Full Text Available AbstractObjective: Mobile phone usage has reached all ages across all segments of society, and its radiofrequency waves are an increasing concern among the general population. To find out the pattern of mobile phone usage among undergraduate medical students and their perceived symptoms and awareness about negative health effects due to their exposure to the radiofrequency waves. Methods: A descriptive type of epidemiological study was conducted among 295 undergraduate medical students in the Institute of Post Graduate Medical Education and Research, Kolkata, in August 2012 after obtaining Institutional Ethical Clearance. Data were collected by a pre-designed and pre-tested, semi structured questionnaire and analyzed with SPSS software, version 19.0. Results: Among the 1st semester students, browsing of the internet became the predominant activity; while listening to music and radio was the preferred activity among the 3rd, 5th and 7th semester students. In lecture class, 1st semester students (62.5% switch off; 40.6% of 5th semester students receive and 63.63% of 7th semester students keep the phone in silence mode. Duration of mobile phone usage was maximum among students who perceived headache as a side effect of usage. About 62.3% study subjects cited accidents as a harmful effect, followed by lack of concentration. Conclusions: Regulatory bodies should lay down specific regulations and guidelines regarding mobile phone usage in class as well as during patient care. Further research is needed to comment on long term health outcome keeping in view its usage and popularity among younger people. Keywords: Mobile phone use, medical students, hazard awareness 

  16. Teaching a Systematic Approach for Transitioning Patients to College: An Interactive Continuing Medical Education Program.

    Science.gov (United States)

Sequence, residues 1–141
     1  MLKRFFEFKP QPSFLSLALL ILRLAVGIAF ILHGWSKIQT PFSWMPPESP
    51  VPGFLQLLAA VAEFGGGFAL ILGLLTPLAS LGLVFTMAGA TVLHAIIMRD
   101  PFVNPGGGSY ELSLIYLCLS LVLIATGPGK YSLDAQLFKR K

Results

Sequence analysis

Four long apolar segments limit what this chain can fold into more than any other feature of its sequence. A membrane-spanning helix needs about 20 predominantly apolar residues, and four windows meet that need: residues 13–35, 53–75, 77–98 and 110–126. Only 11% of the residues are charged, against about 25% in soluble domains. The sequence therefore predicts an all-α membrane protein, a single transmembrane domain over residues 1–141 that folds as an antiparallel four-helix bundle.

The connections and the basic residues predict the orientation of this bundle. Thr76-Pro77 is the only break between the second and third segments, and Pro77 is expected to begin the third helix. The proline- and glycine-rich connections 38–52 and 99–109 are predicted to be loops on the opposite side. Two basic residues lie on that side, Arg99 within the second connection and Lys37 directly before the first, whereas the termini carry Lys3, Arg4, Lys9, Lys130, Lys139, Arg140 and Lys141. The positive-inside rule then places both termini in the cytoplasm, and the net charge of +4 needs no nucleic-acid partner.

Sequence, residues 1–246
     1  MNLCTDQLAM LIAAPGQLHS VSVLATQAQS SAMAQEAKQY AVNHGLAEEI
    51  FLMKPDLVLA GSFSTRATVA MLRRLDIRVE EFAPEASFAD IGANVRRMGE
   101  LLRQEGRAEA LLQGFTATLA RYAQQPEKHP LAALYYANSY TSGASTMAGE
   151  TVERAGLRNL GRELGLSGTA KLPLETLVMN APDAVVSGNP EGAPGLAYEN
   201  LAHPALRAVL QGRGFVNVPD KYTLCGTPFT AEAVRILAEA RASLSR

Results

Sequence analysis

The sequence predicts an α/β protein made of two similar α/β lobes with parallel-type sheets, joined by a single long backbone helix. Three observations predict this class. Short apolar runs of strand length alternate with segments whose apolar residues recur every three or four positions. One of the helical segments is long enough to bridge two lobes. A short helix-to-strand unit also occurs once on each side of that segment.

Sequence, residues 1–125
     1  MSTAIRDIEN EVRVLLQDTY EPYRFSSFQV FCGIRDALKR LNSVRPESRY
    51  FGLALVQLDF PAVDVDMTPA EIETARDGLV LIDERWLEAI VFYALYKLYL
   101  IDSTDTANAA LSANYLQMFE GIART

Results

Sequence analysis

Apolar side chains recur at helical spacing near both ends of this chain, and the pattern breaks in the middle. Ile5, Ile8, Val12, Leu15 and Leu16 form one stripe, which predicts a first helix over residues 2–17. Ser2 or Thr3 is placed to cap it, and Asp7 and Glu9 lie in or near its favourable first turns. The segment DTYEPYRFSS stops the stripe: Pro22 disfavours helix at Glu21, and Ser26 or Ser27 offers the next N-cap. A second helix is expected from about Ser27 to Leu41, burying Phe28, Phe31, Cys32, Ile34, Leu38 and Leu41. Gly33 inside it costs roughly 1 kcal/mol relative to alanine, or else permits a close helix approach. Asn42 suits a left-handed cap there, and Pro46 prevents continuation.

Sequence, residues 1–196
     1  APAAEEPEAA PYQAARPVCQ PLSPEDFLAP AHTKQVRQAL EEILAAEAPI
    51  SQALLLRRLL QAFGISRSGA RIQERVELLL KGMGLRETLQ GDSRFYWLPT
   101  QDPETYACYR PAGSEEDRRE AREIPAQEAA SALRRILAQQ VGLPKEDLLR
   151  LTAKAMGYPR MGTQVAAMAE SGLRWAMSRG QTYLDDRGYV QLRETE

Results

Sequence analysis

Martel, Adele; Derenne, Jennifer; Chan, Vivien

    2015-10-01

    The purpose of this article is to determine the effectiveness of a hands-on continuing education program for practicing child and adolescent psychiatrists (CAPs) with a focus on best practices in transitioning psychiatric patients to college. The plan was to build on the unique knowledge and skill set of CAPs, use audience and facilitator feedback from prior programs to inform program content, structure, and format, and incorporate findings from the evolving literature. A 3-h interactive workshop was designed with an emphasis on audience participation. The workshop was divided into three main segments: didactics, whole group discussion/brainstorming, and small group discussion of illustrative case vignettes. Improvements and changes in knowledge, skills, and attitudes related to transition planning were identified by program participants. Quantitative feedback in the form of course evaluations, pre- and posttests, and a 6-month follow-up questionnaire indicate that the use of interactive teaching techniques is a productive learning experience for practicing CAPs. Qualitative feedback was that the discussion of the case vignettes was the most helpful. The use of a workshop format is an effective strategy to engage practicing CAPs in learning about and implementing best practices to support the transition of their patients to college and into young adulthood. Comprehensive and proactive transition planning, facilitated by clinicians, should promote the wellness of college-bound patients and help to reduce the potential risks in the setting of an upcoming transition.

  17. Stress and its risk factors in medical students: an observational study from a medical college in India.

    Science.gov (United States)

    Nandi, Madhumita; Hazra, Avijit; Sarkar, Sumantra; Mondal, Rakesh; Ghosal, Malay Kumar

    2012-01-01